What Will an Arrest Record Search Reveal?
Posted by Amanda DiSilvestro on April 17, 2012 in Employee Background Checks [ 0 Comments ]
The principal purpose of an arrest record search is to help you identify the bad seeds in a sea of candidates. Conducting an employment background check involves searching a person’s criminal and arrest history by accessing numerous sources of information. These criminal histories should return all the information about a person’s interactions with the law, and in most states, you’re entitled to consider this information when making employment decisions about the candidate.
What Arrest Record Searches Will Reveal
You might consider arrest records to be the most revealing of all the public records you can look into when conducting a criminal background search on a potential employee. All arrests and detentions, regardless of the outcome or any clearance of conviction, will be accounted for on an arrest record.
Counties and their courthouses are usually the best source of criminal information on any given individual; they tend to have the most complete and up-to-date history. Reports include information about serious felonies, minor infractions, traffic violations, and criminal misdemeanors. Arrest records will indicate whether the offense was:
- Related to theft or robbery
- Involving drugs and alcohol
These records can go back 20 or 30 years. They also carry details of arrests that didn’t lead to anything, such as cases where charges were dropped or cases that were dismissed. The records are generally available to the public, and therefore you as an employer, though it may be unlawful for you to use all the information available, particularly arrest records. If you’re undertaking the arrest record search yourself (and not through a third party), check with the county clerk to understand your state’s laws about using arrest information to make employment decisions.
What Arrest Record Searches Won’t Reveal
Unlike full criminal records, arrest records only report on arrests and prove no guilt. Because of that, they really don’t present the entire picture. Plea-bargains, dropped charges or any form of judicial compromise or dismissal will still show up when you conduct an arrest record search, so technically record of an arrest is not an indication of guilt. Without detailed context, this information may suggest a more negative picture.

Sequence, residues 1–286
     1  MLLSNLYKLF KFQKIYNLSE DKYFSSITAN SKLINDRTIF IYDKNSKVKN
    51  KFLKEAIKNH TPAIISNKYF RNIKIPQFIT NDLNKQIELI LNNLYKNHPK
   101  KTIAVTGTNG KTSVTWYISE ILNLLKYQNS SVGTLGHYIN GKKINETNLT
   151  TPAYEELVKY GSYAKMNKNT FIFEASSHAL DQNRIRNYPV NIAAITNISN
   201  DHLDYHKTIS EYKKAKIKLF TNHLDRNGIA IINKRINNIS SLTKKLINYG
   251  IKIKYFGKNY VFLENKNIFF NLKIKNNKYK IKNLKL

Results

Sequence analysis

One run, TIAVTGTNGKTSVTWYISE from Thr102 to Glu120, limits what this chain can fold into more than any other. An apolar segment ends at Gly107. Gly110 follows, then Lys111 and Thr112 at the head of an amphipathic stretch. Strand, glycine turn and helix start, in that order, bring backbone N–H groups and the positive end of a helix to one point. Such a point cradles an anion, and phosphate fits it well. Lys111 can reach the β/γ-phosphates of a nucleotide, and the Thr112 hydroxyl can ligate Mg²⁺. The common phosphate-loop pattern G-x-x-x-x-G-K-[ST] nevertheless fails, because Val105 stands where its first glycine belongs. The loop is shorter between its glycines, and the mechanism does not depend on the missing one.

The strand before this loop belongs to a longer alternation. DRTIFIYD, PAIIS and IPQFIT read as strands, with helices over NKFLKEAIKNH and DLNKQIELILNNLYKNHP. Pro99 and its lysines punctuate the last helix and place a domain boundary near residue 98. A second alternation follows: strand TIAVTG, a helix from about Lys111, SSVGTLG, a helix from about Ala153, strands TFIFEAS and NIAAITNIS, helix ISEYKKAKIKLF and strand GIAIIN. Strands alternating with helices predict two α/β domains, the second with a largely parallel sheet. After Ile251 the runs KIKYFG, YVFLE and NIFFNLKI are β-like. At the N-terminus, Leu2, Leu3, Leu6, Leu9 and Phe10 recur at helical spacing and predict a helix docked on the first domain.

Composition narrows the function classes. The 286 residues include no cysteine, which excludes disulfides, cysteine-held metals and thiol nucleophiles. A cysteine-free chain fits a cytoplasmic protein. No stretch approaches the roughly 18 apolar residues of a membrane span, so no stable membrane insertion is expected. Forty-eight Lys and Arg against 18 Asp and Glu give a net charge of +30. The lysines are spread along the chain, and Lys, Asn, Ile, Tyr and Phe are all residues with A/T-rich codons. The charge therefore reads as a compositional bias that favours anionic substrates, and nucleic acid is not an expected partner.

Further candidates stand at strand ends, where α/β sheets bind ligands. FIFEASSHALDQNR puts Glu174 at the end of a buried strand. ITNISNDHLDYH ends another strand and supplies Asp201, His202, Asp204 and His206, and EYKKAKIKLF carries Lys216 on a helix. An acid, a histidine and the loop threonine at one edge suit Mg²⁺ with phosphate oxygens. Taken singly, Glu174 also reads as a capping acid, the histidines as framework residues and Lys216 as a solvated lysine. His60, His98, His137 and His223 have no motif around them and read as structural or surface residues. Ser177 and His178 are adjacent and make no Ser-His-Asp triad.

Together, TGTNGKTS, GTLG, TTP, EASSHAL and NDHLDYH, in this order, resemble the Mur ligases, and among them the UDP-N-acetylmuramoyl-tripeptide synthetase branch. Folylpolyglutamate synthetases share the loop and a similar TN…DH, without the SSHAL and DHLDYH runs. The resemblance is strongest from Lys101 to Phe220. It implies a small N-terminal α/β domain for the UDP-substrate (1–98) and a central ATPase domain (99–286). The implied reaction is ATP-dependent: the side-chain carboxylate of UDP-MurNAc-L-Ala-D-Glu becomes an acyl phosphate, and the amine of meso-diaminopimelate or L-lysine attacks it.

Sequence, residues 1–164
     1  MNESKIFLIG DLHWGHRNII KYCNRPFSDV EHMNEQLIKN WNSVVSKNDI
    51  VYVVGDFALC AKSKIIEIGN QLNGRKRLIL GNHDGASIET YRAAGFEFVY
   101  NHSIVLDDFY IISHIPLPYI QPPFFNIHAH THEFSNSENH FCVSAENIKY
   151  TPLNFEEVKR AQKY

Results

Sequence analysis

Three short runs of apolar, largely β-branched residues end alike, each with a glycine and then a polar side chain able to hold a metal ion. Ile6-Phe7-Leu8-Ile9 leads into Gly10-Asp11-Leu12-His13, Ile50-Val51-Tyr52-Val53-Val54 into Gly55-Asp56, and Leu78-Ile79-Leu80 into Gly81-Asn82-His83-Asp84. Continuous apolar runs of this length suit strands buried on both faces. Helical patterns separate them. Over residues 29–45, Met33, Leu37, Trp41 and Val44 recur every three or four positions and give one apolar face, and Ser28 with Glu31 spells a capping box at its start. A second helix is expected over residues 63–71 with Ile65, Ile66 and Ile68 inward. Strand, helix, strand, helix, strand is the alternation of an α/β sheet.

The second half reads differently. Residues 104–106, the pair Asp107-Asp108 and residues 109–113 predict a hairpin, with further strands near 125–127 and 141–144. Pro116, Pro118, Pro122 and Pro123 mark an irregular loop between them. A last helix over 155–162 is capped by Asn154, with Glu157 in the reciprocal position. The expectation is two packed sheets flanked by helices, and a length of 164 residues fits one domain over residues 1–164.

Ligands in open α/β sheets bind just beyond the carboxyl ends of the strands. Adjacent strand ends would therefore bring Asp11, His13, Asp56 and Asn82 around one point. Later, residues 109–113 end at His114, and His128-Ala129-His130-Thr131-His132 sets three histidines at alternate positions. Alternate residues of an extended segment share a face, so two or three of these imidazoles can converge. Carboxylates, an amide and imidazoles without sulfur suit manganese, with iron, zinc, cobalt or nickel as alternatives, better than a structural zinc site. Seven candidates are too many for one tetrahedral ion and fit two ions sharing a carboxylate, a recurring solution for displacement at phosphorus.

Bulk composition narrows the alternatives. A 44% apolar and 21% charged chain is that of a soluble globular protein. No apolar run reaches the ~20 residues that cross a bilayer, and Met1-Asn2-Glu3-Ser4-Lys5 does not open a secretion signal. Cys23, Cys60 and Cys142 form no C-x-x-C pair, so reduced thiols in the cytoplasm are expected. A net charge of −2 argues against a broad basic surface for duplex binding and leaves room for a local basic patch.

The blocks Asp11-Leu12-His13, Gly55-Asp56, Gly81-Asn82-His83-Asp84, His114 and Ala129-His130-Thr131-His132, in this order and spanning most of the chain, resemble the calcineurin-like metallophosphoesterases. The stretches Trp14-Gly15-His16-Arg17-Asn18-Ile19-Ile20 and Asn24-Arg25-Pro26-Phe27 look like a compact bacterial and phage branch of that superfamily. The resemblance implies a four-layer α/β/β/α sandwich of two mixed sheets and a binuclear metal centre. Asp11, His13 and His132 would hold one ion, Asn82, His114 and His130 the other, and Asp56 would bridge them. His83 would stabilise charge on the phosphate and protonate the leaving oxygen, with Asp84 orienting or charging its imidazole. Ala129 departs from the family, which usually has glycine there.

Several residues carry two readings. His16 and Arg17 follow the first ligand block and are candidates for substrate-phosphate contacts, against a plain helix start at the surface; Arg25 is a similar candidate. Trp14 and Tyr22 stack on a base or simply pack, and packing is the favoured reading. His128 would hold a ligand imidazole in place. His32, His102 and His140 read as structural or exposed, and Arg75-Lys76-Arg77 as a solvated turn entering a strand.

Despite what county courts, federal records databases, and state criminal records might report on, there are restrictions on what you are allowed to consider for employment purposes. These restrictions are driven by your state law. Some states even have laws prohibiting you from using an applicant’s arrest record altogether when making the decision to offer them a job or not. Most states also restrict your use of criminal records that are sealed, annulled, expunged and/or pardoned by the governor.
Using the Information Wisely
The Equal Employment Opportunity Commission (EEOC) suggests that the use of criminal records to make employment decisions may have a negative impact on minorities, and recommends that employers not refer to them if it is not an absolute necessity for the position and industry. Because of this, many state agencies have also issued similar guidance in their pre-employment guidelines.
As a good rule of thumb, you should consult a lawyer if you find yourself in the position to use any information found through an arrest record search to make an employment decision (if this is, in fact, allowed in your state). Try to keep from making an “all or nothing” policy against hiring anyone who has ever been arrested. As an employer, you’re better off relying exclusively on actual criminal records that report on convictions when making employment decisions. Evaluate the position carefully by considering three things: the nature of the offense, the length of time since it occurred, and how it relates to the position.
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